Boedecker v. St. Alexius Hospital

Annotate this Case

298 N.W.2d 372 (1980)

Blair BOEDECKER, Plaintiff and Appellant, v. ST. ALEXIUS HOSPITAL and Roger F. Kennedy, Defendants and Appellees.

Civ. No. 9767.

Supreme Court of North Dakota.

October 30, 1980.

*373 Chapman & Chapman, Bismarck, for plaintiff and appellant; argued by Charles L. Chapman, Bismarck.

Robert J. Slorby, Minot, for defendant and appellee St. Alexius Hospital.

Fleck, Mather, Strutz & Mayer, Bismarck, for defendant and appellee Roger F. Kennedy; argued by William A. Strutz, Bismarck.

Rick D. Johnson, Asst. Atty. Gen., amicus curiae.

PEDERSON, Acting Chief Justice.

Claiming that St. Alexius Hospital and Dr. Kennedy were negligent in the diagnosis, care, and treatment of his ailment, Boedecker applied ex parte to the district court for the establishment of a medical review panel (Chapter 32-29.1, NDCC). The district court, apparently without being urged by anyone, issued an order dismissing the application "because ... Chapter 32-29.1... is unconstitutional."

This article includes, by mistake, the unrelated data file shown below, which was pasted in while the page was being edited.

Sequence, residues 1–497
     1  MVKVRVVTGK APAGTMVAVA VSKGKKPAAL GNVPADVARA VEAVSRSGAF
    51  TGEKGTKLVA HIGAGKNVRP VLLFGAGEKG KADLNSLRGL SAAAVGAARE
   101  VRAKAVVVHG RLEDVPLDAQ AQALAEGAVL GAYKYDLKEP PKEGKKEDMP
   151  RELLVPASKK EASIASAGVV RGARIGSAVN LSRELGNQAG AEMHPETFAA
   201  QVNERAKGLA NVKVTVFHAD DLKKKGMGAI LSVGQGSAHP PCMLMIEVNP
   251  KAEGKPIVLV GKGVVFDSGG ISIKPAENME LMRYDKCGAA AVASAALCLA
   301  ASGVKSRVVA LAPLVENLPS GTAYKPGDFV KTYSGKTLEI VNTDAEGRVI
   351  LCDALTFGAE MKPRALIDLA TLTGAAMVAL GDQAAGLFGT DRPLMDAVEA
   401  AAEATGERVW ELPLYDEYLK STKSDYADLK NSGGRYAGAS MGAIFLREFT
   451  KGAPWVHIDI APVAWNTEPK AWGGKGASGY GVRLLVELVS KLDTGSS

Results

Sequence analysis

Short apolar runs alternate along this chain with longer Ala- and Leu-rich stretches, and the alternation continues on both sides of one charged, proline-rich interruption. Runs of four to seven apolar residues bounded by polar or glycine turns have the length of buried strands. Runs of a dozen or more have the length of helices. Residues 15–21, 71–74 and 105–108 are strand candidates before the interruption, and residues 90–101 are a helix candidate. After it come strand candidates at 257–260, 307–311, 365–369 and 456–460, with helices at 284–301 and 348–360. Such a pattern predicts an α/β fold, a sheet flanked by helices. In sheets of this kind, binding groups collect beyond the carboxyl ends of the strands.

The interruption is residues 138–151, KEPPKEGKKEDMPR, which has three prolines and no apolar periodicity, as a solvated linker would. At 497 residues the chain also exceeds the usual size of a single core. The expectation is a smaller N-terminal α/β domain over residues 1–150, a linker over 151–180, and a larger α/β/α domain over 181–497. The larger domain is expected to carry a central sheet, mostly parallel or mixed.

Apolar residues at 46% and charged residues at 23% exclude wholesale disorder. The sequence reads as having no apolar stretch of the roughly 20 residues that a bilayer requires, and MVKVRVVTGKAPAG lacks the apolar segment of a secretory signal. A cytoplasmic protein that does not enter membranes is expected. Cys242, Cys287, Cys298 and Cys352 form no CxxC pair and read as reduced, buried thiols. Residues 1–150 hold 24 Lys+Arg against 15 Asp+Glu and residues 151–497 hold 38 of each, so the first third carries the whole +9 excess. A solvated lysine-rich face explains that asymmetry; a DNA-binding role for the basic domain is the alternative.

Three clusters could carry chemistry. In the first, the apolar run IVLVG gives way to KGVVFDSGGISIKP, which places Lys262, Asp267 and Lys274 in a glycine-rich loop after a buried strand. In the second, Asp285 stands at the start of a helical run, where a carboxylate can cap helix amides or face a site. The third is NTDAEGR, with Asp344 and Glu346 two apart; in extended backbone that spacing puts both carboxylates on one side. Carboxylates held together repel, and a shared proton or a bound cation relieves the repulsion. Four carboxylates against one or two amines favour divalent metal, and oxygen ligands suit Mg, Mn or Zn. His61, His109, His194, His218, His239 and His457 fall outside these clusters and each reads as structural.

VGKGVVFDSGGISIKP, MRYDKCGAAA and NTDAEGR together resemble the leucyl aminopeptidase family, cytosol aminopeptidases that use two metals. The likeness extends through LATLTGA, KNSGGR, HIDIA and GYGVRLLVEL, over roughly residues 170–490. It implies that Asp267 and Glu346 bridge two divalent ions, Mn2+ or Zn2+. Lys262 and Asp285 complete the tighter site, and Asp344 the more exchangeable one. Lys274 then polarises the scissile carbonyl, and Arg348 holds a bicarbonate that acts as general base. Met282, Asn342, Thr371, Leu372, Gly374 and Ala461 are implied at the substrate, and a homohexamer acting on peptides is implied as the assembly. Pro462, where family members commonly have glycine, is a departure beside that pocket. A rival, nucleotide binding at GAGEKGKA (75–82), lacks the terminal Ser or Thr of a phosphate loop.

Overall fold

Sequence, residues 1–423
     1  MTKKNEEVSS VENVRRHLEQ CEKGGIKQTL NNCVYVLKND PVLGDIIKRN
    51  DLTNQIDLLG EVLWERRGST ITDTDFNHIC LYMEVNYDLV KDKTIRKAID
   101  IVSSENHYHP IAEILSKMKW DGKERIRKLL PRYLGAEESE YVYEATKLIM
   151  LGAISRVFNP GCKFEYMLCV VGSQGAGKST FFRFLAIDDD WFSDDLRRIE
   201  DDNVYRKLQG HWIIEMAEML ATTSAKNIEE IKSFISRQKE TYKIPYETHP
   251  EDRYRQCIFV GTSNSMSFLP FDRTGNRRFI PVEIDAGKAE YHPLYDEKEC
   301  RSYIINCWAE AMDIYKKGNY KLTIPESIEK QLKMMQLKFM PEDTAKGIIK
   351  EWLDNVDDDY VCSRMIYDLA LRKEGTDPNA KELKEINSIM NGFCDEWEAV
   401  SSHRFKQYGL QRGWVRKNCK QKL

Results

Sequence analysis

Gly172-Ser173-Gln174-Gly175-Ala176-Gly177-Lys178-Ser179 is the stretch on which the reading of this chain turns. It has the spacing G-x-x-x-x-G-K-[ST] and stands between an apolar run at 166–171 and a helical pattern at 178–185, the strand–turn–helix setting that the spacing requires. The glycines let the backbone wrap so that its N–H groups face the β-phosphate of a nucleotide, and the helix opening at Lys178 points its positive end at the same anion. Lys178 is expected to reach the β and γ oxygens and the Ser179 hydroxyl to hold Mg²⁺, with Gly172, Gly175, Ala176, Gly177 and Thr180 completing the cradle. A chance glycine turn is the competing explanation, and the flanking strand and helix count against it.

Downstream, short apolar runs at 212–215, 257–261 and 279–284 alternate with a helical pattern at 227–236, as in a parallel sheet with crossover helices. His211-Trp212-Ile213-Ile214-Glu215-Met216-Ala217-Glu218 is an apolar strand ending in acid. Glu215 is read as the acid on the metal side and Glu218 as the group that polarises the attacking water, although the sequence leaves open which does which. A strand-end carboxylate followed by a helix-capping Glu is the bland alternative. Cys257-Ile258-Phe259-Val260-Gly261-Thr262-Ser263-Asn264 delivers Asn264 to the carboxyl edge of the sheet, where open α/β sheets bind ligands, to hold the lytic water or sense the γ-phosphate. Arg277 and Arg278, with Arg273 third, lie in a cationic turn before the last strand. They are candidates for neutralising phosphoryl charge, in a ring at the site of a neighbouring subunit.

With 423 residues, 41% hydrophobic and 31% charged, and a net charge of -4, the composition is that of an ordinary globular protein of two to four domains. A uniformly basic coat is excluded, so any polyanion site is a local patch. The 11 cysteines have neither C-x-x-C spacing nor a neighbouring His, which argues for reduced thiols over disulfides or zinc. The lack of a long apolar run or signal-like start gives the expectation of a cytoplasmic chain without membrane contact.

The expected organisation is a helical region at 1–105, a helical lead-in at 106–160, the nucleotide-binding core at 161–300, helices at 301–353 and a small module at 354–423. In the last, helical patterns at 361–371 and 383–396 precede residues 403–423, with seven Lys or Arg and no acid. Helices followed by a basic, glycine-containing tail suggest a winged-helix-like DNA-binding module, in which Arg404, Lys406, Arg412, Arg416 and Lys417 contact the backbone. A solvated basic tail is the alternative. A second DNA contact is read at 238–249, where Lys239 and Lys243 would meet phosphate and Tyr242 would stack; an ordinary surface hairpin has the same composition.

PROCEDURAL POSTURE

This appeal was taken by Boedecker from the "decision of the district court." Our first inquiry involves the appealability of the "decision" or order under the provisions of § 28-27-02, NDCC. The statute (§ 32-29.1-01, NDCC) clearly provides that no action can be commenced against a health-care provider based upon alleged professional negligence until the claimant has filed a certificate of review with the court. Without a panel, there can be no certificate. Without a certificate, no action can be commenced. Syllogistic reasoning confirms that no action is pending here. Appeals are allowed from decisions of lower courts to the supreme court only as provided by law (§ 90, North Dakota Constitution). The order dismissing the application is not appealable under § 28-27-02, or any other statute called to our attention.